Grass in Pompeii will be sheared by sheep

(ORDO NEWS) — In a city destroyed by the eruption of Vesuvius, a herd of hungry herbivores is used to maintain order.

To the north of the Pompeii archaeological park there is a site that has not yet been excavated, and, according to Italian archaeologists, there is nothing particularly interesting there – there were ancient vineyards in that direction.

But it is necessary to maintain the area in an attractive form for tourists. The problem was solved in a way that sends us back to the beginning of the Middle Ages. Cattle were called in to help.

A flock of 150 sheep arrived in Pompeii and immediately set to work. “They came to the site with great enthusiasm,” said Gabriel Zuchtriegel, director of the Pompeii Archaeological Park.

“Maintenance is a huge cost, so instead of paying someone to cut the grass, we get the sheep to eat it, fertilize it, and create a pastoral landscape that is much more resilient to dry seasons and heavy rains.”

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New employees of the archaeological park

Not to say that this method of mowing lawns is something new. Similar technologies have been tried in Germany and France as an environmentally friendly way to reduce energy consumption and costs. True, the media did not report on the results of innovations.

The area that the new lawnmowers will serve does not belong directly to the city limits of Pompeii. The city was founded in the 7th-6th centuries BC as the center of the wine region. Good location (mountain slopes and wind direction) contributed to the cultivation of the desired grape varieties.

When Pompeii was buried under the ash from the eruption of Vesuvius in 79 AD, even the surviving winemakers left the surrounding fields: the land was unsuitable for agricultural activities.

But time passed, and if no one was going to clear and restore the city itself, then already in the 4th century AD, new houses appeared around its ruins.

The Roman Empire was then in a very precarious state. On the one hand, the method of distributing land to veterans of the legions, introduced by Caesar, stopped working: it was easier to live in Rome, where they distributed bread and did not have to work.

On the other hand, the new legionnaires, most of whom were not born citizens of Rome, wanted to gain a foothold on the lands of the empire. And the area near Naples attracted them much more than put on the northern borders of the empire.

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The ruins of the temple of Jupiter against the backdrop of Vesuvius

Yesterday’s barbarians didn’t give a damn about the superstitions associated with the lost city. As a result, by the time of the fall of Rome (476 AD), vineyards again appeared around Pompeii. But not for long.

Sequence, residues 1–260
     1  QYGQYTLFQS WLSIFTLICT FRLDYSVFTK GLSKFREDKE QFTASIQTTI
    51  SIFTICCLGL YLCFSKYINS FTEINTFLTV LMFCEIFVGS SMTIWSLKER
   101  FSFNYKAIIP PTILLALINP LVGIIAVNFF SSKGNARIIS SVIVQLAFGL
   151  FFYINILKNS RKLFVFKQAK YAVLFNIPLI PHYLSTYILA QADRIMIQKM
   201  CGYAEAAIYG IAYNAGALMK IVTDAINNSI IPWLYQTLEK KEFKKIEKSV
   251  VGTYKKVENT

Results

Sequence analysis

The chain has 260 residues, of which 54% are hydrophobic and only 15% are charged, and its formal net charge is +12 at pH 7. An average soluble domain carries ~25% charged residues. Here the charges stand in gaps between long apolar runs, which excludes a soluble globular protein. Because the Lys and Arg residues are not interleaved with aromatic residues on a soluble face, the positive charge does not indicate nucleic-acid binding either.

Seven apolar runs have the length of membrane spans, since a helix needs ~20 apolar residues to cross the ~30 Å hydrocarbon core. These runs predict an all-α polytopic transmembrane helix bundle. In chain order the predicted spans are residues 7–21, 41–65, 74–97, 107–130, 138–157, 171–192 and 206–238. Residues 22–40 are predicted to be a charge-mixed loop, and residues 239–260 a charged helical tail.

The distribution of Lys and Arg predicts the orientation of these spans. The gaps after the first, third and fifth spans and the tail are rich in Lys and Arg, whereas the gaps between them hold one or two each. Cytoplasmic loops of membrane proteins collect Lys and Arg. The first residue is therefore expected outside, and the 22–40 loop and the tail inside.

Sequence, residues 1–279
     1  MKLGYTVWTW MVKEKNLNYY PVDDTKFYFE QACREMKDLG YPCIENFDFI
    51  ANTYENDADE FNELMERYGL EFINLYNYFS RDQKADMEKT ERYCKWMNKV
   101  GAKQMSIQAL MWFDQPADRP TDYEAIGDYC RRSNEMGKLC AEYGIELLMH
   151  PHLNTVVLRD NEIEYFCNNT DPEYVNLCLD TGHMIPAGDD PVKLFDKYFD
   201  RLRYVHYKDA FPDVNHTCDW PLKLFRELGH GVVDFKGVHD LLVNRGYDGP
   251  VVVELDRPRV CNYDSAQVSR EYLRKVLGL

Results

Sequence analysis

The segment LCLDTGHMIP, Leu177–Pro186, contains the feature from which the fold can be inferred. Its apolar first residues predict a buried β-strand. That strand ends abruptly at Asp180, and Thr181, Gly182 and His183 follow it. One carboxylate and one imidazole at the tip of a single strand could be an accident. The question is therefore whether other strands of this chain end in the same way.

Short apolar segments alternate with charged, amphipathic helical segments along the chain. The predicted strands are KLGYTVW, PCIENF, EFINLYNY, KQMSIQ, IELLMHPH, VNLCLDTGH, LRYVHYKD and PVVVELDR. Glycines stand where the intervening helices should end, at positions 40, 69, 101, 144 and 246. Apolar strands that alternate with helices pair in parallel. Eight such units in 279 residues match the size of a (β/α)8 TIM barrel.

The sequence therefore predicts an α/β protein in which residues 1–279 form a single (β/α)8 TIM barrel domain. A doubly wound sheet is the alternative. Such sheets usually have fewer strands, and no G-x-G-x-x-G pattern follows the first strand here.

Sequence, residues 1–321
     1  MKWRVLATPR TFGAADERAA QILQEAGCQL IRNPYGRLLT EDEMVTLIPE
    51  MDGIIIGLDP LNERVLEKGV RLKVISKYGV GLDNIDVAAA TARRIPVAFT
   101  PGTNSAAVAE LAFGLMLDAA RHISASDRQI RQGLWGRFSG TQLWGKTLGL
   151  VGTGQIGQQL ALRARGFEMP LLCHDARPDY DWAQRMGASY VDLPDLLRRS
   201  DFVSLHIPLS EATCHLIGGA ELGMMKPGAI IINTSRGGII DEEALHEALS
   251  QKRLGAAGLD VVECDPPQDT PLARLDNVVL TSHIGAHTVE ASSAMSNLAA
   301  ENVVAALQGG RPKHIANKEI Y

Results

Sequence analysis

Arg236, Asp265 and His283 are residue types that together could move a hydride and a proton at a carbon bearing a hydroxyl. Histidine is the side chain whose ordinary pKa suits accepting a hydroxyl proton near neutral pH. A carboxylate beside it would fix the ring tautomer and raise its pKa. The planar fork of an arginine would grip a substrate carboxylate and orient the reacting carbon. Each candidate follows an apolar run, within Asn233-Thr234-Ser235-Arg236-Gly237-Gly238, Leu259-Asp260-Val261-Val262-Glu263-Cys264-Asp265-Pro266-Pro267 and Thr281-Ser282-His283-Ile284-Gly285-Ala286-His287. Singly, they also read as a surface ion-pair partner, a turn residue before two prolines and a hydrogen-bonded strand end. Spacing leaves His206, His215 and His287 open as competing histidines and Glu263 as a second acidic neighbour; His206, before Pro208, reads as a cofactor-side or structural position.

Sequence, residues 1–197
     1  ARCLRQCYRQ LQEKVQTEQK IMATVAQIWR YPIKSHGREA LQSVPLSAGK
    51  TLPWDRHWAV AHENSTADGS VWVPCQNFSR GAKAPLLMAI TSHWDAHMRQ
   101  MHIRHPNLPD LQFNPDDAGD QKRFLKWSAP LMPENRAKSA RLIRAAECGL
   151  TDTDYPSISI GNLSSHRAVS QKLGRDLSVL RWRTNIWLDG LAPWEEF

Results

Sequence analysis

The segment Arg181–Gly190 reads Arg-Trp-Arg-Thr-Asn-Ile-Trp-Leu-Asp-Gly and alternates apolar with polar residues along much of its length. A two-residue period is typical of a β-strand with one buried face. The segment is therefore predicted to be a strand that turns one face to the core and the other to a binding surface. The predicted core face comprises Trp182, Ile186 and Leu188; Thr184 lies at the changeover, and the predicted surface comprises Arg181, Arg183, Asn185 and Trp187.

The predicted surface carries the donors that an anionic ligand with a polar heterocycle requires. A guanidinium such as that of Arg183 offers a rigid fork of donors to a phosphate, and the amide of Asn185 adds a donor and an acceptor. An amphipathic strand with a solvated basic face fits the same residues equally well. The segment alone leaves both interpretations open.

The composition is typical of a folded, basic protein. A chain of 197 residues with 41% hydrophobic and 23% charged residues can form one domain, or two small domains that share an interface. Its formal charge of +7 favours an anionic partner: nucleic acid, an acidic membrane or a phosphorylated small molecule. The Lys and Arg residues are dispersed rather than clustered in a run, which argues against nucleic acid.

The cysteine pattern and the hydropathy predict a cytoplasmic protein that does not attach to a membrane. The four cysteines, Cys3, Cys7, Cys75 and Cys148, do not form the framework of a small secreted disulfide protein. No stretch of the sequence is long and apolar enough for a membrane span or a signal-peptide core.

Here we talked in detail about the Dark Ages of Western Europe. They did not pass the surroundings of Pompeii either.

The barbarian kings who seized the lands of the great empire did not want to settle in cities, preferring villas – the centers of large agricultural complexes. The reasons for this are pretty obvious.

A city is a complex organism with an infrastructure that must be kept in order. It is necessary to monitor the condition of pavements, the serviceability of water supply and sewerage.

All this requires specialists and money. With the first, the barbarians were very bad, with the second – better, but here the greed of their leaders (or thriftiness) already came into play: they did not understand why they should spend money on cities if they could live in villas.

As a result, goats and sheep grazed in the squares of Rome and Lutetia. That is, the height of the grass (albeit not on the lawns, but on the squares) was regulated approximately the way it is now in Pompeii.

At the beginning of the Dark Ages, there were no luxurious villas around Pompeii: the former legionnaires had been developing these lands for less than a hundred years, managed to set up vineyards, but had not yet earned a lot of money. Therefore, the area was abandoned and remained so for centuries.

In the 19th century, the situation changed: archeology became fashionable, and Pompeii, the excavations of which began at the end of the 16th century, attracted tourists.

In the 1860s, archaeologist Giuseppe Fiorelli excavated vineyards in the city under a three-meter layer of ash.

The townspeople grew grapes in the local area and made wine from it, which was in demand throughout the Mediterranean.

Farmers reacted to this discovery. The lands around Pompeii began to be developed, planted with vineyards. People made money on the so-called Pompeian wine.

By the middle of the last century, wine production began to decline, but now the management of the archaeological park plans to take matters into their own hands: they hope to clear and fertilize the land on the site of ancient vineyards with the help of sheep, which will allow them to increase the production of Pompeian wine.

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